Newborns Often Develop Strange Rashes

Newborn babies are strange enough as it is to most new parents. To add to the strangeness, they sometimes are born with or develop strange rashes.

The most serious newborn rash is fortunately one of the rarest – herpes simplex, which consists of several water blisters or pimples clustered together.

Developing within the first four weeks after birth, herpes simplex resembles fever blisters that adults get on their lips.

Call your healthcare provider if you suspect your newborn has this rash.

Erythema toxicum is a harmless rash that occurs in at least half of all newborns by 2 to 3 days of age.

This rash consists of red blotches with small central white or yellow spots resembling pimples that last about two weeks.

When clustered, they can easily be mistaken by parents for herpes simplex.

Milia are tiny white bumps resembling little whiteheads. They are most common on the nose and cheeks but can occur anywhere.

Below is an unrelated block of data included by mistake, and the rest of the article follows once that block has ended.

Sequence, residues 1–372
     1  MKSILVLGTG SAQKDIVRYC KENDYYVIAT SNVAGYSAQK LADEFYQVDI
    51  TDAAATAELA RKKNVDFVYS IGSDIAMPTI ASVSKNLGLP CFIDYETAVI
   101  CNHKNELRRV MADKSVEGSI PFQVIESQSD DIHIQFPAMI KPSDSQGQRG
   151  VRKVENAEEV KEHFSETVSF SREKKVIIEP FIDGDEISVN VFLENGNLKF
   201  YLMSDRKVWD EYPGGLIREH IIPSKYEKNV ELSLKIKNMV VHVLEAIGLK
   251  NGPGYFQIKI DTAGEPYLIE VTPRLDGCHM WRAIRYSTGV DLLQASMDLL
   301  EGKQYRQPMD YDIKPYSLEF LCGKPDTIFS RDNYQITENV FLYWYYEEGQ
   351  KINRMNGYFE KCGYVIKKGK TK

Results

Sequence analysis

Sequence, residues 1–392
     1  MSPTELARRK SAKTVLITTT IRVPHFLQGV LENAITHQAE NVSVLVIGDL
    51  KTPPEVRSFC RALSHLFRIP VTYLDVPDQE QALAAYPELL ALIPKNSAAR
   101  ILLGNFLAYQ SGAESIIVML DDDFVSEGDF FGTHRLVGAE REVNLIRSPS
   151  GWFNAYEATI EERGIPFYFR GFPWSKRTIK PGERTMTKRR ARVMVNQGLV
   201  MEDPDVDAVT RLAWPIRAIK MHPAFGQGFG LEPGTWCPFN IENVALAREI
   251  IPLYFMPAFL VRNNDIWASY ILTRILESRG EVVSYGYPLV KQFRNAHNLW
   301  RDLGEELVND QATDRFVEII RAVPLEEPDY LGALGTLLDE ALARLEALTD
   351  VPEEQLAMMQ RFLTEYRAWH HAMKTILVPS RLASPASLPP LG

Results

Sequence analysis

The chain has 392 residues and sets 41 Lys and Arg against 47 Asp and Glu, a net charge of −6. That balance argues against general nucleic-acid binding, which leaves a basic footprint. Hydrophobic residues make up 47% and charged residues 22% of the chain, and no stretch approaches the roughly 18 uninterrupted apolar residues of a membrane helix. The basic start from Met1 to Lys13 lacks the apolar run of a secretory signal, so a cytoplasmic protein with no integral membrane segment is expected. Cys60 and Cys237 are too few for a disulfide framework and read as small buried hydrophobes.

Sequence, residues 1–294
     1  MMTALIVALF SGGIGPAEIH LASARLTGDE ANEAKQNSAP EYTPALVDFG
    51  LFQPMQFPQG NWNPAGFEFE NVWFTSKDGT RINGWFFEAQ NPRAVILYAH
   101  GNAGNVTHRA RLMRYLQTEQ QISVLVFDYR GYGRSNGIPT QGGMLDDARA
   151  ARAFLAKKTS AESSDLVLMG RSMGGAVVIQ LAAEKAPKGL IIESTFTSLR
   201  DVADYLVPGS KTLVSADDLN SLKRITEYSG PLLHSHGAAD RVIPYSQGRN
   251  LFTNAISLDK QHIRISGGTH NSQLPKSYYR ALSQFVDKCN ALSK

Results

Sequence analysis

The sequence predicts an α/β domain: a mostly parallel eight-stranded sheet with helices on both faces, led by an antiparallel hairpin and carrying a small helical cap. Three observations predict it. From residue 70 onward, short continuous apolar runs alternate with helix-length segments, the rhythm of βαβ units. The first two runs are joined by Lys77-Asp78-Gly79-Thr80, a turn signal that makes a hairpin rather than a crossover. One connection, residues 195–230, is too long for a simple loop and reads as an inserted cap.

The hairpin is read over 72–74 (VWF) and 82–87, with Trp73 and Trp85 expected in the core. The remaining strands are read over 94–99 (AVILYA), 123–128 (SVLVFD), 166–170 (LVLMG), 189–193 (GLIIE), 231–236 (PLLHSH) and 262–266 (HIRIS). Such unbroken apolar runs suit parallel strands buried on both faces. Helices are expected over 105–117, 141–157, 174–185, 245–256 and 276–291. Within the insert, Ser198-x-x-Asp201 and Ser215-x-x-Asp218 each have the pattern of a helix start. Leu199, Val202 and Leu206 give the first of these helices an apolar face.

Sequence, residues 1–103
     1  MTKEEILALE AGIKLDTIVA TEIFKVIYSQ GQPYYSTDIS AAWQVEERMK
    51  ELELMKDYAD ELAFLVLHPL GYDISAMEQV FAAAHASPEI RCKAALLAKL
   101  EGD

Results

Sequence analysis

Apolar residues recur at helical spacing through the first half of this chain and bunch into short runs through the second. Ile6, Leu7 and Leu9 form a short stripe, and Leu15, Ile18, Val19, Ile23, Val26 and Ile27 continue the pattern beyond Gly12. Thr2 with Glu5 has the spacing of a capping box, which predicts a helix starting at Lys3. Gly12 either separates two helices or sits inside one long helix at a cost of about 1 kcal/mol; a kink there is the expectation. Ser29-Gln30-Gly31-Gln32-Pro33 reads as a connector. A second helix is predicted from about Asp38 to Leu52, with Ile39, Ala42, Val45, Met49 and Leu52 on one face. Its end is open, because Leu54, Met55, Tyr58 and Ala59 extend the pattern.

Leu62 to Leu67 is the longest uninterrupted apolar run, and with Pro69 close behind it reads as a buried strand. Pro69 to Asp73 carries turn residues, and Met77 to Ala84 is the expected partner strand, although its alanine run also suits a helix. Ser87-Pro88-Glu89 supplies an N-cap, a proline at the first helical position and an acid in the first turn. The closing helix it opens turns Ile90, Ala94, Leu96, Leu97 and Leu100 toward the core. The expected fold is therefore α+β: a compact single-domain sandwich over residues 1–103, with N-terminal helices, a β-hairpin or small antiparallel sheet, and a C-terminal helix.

About 40% of babies develop milia by 4 or 5 days of age. The bumps usually go away in one or two months.

Miliaria rubra (heat rash) consists of little red bumps, possibly with a little clear fluid in their centers.

They are caused by sweat gland obstruction in areas of the body that have been overheated.

The bumps can last from hours to days. Treat them by undressing and cooling off the affected areas.

Neonatal pustular melanosis occurs in 5% of African-American newborns and less than 1% of Caucasians.

The rash – sometimes present at birth – consists of small pustules with no surrounding redness that will pop, leaving behind a darkly pigmented spot with a surrounding scale.

The spots gradually fade after three to four weeks.

Acne neonatorum occurs in up to 30% of newborns. It looks just like teen acne and is triggered by hormones (usually the mother’s).

It often starts at 3-5 weeks of age and clears up by 4 months of age.

Seborrhea is a common condition in newborns, consisting of a red rash with greasy yellow scales.

The rash is most commonly found on the scalp (“cradle cap”), face, ears, neck and diaper area.

Usually starting in the first month of life, it is often gone by 6 months of age. Its exact cause is unknown.

Most newborn rashes are benign and go away on their own.

If in doubt about a rash, call your baby’s healthcare provider.